Adam Flick (EC), an organizer of the upcoming BioHacking Conference, shares some of what he’s learned about the benefits of mindfulness as an antidote to anxiety, FOMO and stress about money.
[stag_dropcap font_size=”50px” style=”normal”]I[/stag_dropcap] recently grabbed drinks with future members of the Class of 2017 at HBS’s February Admitted Students Weekend. Aside from the usual questions (do you really like the case method? Should I live off-campus?), I was struck by how genuinely excited everyone was to attend HBS. After assuring them that their excitement was justified, I begun to reflect on my own HBS experience. Yes, on the whole, HBS has been an incredible journey. Like most people, I’ve grown significantly, both professionally and personally, I’ve traveled with classmates all over the world, and I’ve developed strong friendships that I hope to maintain the rest of my life.
But ignoring the macro, once-over-the-world description we give to others, how do we talk to ourselves throughout the HBS experience? And is this internal dialogue congruent with the impression that we give to others?
If I’m honest with myself, my day-to-day enjoyment of business school is all-too-often diluted by a background chorus of thoughts that catalogue unfinished tasks, unfulfilled goals, and unease about the future. Pure, unadulterated enjoyment is elusive, and is often cut with feelings of restlessness or self doubt. “Today’s workout was great, but I could have gone harder.” “I got a one in the class, but I’ve already forgotten half of the material.” “I really enjoyed hanging out with friends on the snow day, but I feel bad that I didn’t spend the time on my startup.”
In one sense, this motivation is great – its what drives us toward bigger and better things. But this mindset of perpetual preoccupation also creates a dim haze of unhappiness that spoils our ability to enjoy what we have right now. If we’re not careful, “I just need to get through recruiting so I can enjoy myself” turns into “I’ll be happy once I make it through two years of banking”, which becomes “when I make partner I can finally relax” and “I can’t wait to retire”. And so it goes.
Everything we aspire to accomplish – be it to learn a new language, find a partner, or land a job in private equity – is predicated on the idea that, if done, we will finally be able to enjoy our lives in the present. The irony comes from the knowledge that once we achieve these objectives, new goals will surely take their place and the finish line will be moved further down the track.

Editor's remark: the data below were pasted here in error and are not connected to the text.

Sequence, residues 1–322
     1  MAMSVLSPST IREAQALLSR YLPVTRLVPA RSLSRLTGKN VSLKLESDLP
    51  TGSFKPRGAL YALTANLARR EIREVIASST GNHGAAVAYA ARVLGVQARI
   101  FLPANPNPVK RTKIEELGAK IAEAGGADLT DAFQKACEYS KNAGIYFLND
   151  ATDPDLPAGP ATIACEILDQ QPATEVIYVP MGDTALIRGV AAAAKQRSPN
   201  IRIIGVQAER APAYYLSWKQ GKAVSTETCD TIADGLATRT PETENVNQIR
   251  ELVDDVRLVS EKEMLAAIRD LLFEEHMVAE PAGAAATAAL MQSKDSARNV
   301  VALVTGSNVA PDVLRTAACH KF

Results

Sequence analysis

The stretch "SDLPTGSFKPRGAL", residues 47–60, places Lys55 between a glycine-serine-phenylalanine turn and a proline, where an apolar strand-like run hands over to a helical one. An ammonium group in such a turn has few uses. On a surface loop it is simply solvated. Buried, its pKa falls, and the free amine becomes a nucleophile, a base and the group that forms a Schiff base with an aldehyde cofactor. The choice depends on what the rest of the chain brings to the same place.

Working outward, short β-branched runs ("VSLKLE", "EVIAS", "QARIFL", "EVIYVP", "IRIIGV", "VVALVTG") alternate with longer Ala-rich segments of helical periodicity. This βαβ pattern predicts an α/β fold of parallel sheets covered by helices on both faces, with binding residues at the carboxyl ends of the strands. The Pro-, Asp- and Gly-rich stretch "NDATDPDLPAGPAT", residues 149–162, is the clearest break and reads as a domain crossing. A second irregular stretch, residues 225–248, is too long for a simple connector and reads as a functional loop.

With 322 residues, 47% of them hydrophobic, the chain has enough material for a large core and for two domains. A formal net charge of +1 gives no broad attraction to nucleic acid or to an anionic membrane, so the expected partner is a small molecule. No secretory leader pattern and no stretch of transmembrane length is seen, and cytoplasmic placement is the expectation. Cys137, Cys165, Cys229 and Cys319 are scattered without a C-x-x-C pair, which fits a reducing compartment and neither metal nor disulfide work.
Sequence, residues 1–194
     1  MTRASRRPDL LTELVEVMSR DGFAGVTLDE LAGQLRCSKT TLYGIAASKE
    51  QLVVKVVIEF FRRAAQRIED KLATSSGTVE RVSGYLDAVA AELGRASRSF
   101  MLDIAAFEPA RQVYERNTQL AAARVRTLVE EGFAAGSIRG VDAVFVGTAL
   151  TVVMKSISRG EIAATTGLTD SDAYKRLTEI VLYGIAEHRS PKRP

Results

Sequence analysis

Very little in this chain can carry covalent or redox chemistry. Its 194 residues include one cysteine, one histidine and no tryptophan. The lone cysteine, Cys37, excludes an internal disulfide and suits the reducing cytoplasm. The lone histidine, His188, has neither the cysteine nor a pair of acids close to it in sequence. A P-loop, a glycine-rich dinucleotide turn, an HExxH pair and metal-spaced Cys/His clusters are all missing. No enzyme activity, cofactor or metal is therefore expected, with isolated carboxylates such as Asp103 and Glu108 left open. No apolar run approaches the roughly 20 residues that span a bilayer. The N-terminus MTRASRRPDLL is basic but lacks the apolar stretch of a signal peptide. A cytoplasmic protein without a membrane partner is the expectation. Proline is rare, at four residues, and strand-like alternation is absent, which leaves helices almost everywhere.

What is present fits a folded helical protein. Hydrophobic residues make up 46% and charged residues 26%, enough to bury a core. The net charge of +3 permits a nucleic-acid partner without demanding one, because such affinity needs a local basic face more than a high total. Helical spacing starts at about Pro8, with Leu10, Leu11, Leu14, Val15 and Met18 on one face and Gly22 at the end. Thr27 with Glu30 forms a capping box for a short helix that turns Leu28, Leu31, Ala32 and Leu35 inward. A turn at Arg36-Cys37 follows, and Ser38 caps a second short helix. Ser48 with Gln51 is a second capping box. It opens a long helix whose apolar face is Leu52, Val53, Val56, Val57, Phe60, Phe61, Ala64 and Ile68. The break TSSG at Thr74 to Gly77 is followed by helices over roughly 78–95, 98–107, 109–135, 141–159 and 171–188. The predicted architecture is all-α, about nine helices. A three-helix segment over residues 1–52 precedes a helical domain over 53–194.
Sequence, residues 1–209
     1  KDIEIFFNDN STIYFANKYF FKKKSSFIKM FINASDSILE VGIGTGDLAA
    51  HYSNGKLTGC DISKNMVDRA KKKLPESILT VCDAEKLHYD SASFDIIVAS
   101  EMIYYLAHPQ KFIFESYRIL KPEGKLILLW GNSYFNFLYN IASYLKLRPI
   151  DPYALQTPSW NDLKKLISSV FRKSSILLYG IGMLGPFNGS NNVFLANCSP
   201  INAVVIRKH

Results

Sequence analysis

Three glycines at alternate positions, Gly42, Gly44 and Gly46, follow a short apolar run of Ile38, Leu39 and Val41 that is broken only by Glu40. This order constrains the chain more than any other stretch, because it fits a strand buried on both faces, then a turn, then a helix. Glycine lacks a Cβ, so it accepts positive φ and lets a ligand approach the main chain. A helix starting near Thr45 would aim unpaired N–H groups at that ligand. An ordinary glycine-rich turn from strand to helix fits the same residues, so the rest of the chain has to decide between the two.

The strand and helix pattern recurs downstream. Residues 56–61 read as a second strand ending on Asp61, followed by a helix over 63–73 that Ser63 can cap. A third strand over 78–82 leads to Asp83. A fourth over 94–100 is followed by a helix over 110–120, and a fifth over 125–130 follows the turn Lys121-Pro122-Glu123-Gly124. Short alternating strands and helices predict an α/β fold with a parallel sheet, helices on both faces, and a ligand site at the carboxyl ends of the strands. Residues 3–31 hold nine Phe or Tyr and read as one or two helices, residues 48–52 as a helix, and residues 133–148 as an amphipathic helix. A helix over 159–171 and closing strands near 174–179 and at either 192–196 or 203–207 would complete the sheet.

[stag_dropcap font_size=”50px” style=”normal”]S[/stag_dropcap]o what do we make of all this? While goals provide direction and meaning to our lives, we cannot continually let the pursuit of our goals dictate our ability to be happy right now. Soberly setting goals and taking appropriate action need not require we tie our happiness and well being to their achievement. If we do, the finish line will perpetually move outward, and we’ll surely die before ever reaching it.
We can work to improve the relationship between our internal dialogue and wellbeing on two levels. First, we can direct our thoughts toward the expression of gratitude for our current circumstances (expressing thankfulness for what we have and for all the bad things that have not happened to us). Then, through mindfulness training we can learn to better decouple wellbeing from our internal dialogue altogether.
So how do exactly do you meditate? While a guided meditation is outside the scope of this article, I can point you to several resources that I found helpful in getting my practice off the ground. Headspace is a great app for iPhone and Android that guides you through a series of ten minute exercises, perfect for periods of free time in between classes or coffee chats. UCLA’s Mindful Awareness Research Center also has several guided meditations aimed at beginners. I highly recommend author Sam Harris’s book Waking Up, which I found incredibly helpful in shaping my understanding of consciousness itself, and how the nature of our thoughts largely dictates our subjective experience of the world. If you prefer to attend mediation sessions with others, HBS hosts mindfulness sessions on-campus Tuesdays and Thursdays from 5:00-6:00pm in the Class of 1959 Chapel. Similar sessions are also held weekly at Harvard Divinity School and at the Harvard Humanist Hub.
My mindfulness practice has been inconsistent, (I’ve still only scratched the surface), but every time I’ve come back to it I achieve a mental clarity that is unavailable without it. I encourage you to try it out yourself, and I’m confident through consistent practice you’ll see a decrease stress and increase mental clarity, satisfaction, and emotional well being.
Adam (OJ) is an organizer for the upcoming HBS Biohacking Conference, which will explore wellness themes such as mindfulness, fitness, and nutrition, in an effort to raise awareness of emerging wellness research to the HBS community. The HBS Biohacking Conference is scheduled for February 24th from 3:30-7:00 pm. Register for free tickets to the conference at hbsbiohackingconference.com.